Below is a shortened example from the run:
Searching files on: C:*
Searching files on: D:*
drive D: took 0.002000 seconds
Start encryption on C:
Encrypting C:\autoexec.bat – ext bat – capped YES
Searching files on: C:_pin*
Start encryption on C:
Encrypting C:_pin\pinadx-vsextension-3.17.98314-g0c048d619.bat – ext bat – capped YES
Searching files on: C:\Documents and Settings*
Searching files on: C:\$Recycle.Bin*
drive C: took 52.590000 seconds
The process from the log above consists of how the ransomware lists down all the files through “mapping” and then moving forward into encryption that selects files depending on each of its extensions.
Those identified with the .avos extension attached to initial file names are the files encrypted with AvosLocker ransomware. Even though it becomes an unreadable file, we will be able to locate an added block that is Base64-encoded data wherein it assumably comprises an RSA-protected AES key used in encrypting files
To detect which directory has been attacked, there will be a ransom note in it, namely GET_YOUR_FILES_BACK.txt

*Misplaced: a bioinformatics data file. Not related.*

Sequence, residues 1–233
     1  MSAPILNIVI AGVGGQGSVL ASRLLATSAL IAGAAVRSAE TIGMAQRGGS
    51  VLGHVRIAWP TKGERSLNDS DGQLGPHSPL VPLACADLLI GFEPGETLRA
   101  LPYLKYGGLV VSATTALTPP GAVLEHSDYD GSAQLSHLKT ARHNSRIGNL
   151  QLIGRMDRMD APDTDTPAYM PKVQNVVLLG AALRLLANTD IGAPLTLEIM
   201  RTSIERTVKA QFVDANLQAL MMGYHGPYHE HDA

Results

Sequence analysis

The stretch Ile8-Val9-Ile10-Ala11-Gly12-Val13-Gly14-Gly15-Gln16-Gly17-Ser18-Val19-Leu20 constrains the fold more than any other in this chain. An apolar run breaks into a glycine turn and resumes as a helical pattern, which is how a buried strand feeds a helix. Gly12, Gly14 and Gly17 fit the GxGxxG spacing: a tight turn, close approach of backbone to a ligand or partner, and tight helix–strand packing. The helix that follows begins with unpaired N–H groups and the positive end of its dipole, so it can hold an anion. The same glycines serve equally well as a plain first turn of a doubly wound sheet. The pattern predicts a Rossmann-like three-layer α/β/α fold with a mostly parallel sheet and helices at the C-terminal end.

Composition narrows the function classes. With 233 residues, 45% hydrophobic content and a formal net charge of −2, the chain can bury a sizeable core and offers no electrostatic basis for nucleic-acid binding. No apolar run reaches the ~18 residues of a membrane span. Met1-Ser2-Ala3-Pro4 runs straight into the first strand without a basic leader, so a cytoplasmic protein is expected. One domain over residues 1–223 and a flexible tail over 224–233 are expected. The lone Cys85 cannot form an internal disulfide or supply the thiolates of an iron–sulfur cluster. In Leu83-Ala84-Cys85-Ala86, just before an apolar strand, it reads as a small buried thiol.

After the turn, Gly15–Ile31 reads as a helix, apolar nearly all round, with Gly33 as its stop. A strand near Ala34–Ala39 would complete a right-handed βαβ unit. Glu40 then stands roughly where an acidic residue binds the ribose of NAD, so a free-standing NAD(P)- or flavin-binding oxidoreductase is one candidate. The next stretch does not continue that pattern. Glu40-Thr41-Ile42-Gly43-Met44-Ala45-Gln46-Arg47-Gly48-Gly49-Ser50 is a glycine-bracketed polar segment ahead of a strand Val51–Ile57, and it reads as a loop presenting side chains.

The ID will be hardcoded in the sample and is not generated during the deployment process, and could mean that there is a generated sample per victim by the ransomware distributors. In addition, the ransom note will also append a link that redirects to an Onion website where an ID included in the note will be requested.
An individual panel will then be presented to the victim upon submitting the ID to the website.
Aside from the threats that declare to increase the price once the victim goes beyond the deadline, another threat states that the ransomware blackmails utilizing doxing. To show the victim that these are not just empty threats, AvosLocker also provides a website called “Press releases”.